Search
Close this search box.
Search
Close this search box.

Terminology Guide: Teen Rehab Centers

Written by Evolve's Behavioral Health Content Team​:

Alyson Orcena, LMFT, Melissa Vallas, MD, Shikha Verma, MD, Ellen Bloch, LCSW, Lianne Tendler, LMFT, Megan Johnston, LMFT

Meet The Team >

What’s the Difference Between a Mental Health Treatment Center and a Teen Rehab Center?

[seriesbox]
Teen Treatment for Mental Health: A Guide to Terminology
Terminology Guide: Teen Inpatient Treatment
Terminology Guide: Adolescent Mental Health Treatment Centers
Inpatient Treatment for Adolescent Depression
DBT Residential Treatment For Teens
Behavioral Treatment Centers for Youth[/seriesbox]
When your teenager has a mental health disorder, a behavioral disorder, or an addiction disorder – i.e., an alcohol use disorder or a substance use disorder – you often find terms and phrases online that seem to mean the same thing.

In some cases, they do.

For instance, although most of us associate the word rehab with recovery from an alcohol or drug addiction, a teen rehab center and an adolescent mental health treatment center are often the exact same thing, in the same place, with teens receiving treatment for mental health disorders right alongside teens in addiction recovery.

Why?

Because in the 21st century, we understand that addiction is a medical condition – a mental health disorder, to be precise – that responds well to evidence-based treatment provided by skilled mental health professionals.

Teen rehab centers that focus solely on addiction do exist. However, they’re less common than rehab centers that support teens with mental health issues, addiction issues, or both.

In these teen rehabs, psychiatrists, therapists, and counselors who specialize in adolescent addiction treatment help teens achieve long term sobriety from:

One reason teen rehabs and teen rehab centers for addiction and mental health treatment centers are often the same thing is what we mention above: addiction is a medical condition that has both physiological elements – changes in brain chemistry and function – and emotional elements, just like a mental health disorder.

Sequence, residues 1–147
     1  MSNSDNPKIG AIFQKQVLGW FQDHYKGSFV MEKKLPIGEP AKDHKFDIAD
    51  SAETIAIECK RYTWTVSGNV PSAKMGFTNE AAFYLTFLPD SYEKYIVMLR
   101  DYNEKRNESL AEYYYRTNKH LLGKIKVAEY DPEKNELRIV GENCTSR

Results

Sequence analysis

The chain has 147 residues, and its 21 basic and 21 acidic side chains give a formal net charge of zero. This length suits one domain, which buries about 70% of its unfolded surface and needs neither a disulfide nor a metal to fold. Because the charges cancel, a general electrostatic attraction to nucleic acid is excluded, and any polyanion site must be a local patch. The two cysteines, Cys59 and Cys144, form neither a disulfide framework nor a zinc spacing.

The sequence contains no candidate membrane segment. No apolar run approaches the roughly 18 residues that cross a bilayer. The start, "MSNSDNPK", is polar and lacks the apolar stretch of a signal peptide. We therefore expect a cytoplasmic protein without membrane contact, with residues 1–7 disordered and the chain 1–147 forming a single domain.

Addiction Treatment and Mental Health Treatment: What’s Different and What’s the Same?

In fact, many teens who enter addiction rehab discover their disordered use of substances – that’s the clinically correct way to say addiction – originates in early trauma, the presence of a mental health disorder, or extreme stress that results in painful, difficult emotions. Therefore, teens in addiction treatment most often participate in the following types of therapy with teens who are not in treatment for addiction:

  • Individual Therapy
  • Group Therapy
  • Family Therapy
  • Experiential Therapies (yoga, mindfulness, exercise)
  • Expressive Therapies (art, music, drama, writing)
  • Academic time
  • Treatment-friendly evening activities
  • Treatment-friendly weekend outings

These evidence-based therapies and treatments help teens identify the root cause of their addiction, which, as we hinted at above, often originates in an attempt to handle the painful emotions associated with a mental health disorder or past trauma. This is called self-medication, which is a short-term attempt to remedy a long-term problem. In most cases, self-medication causes more problems than it solves. That’s why rehab is essential: it helps teens find out the why behind their addiction. Their therapists and counselors teach them the how behind getting sober and achieving long-term sobriety.

In addition to the therapies listed above, adolescents in teen rehab at a teen rehab center will participate in the following:

  • Individual addiction counseling with addiction specialists
  • Group addiction counseling with addiction specialists
  • Group classes and educational workshops on the science of addiction
  • Classes and educational workshops on the effect of addiction on relationships with family and friends
  • Classes and educational workshops on effective communication to repair relationships damaged by addiction
  • Relapse prevention workshops
  • Trigger identification and management*
  • How to build a healthy lifestyle after addiction
*Triggers are environmental cues like sights, sounds, smells, locations, or people that elicit emotional and behavioral patterns that can lead to relapse*

If your teen experiments with alcohol or drugs and you think they may have an alcohol or substance use disorder, read our article on how to tell if they need teen rehab.

Our Behavioral Health Content Team

We are an expert team of behavioral health professionals who are united in our commitment to adolescent recovery and well-being.

Related Posts

Enjoying these insights?

Subscribe here, so you never miss an update!

Connect with Other Parents

We know parents need support, too. That is exactly why we offer a chance for parents of teens to connect virtually in a safe space! Each week parents meet to share resources and talk through the struggles of balancing child care, work responsibilities, and self-care.

More questions? We’re here for you.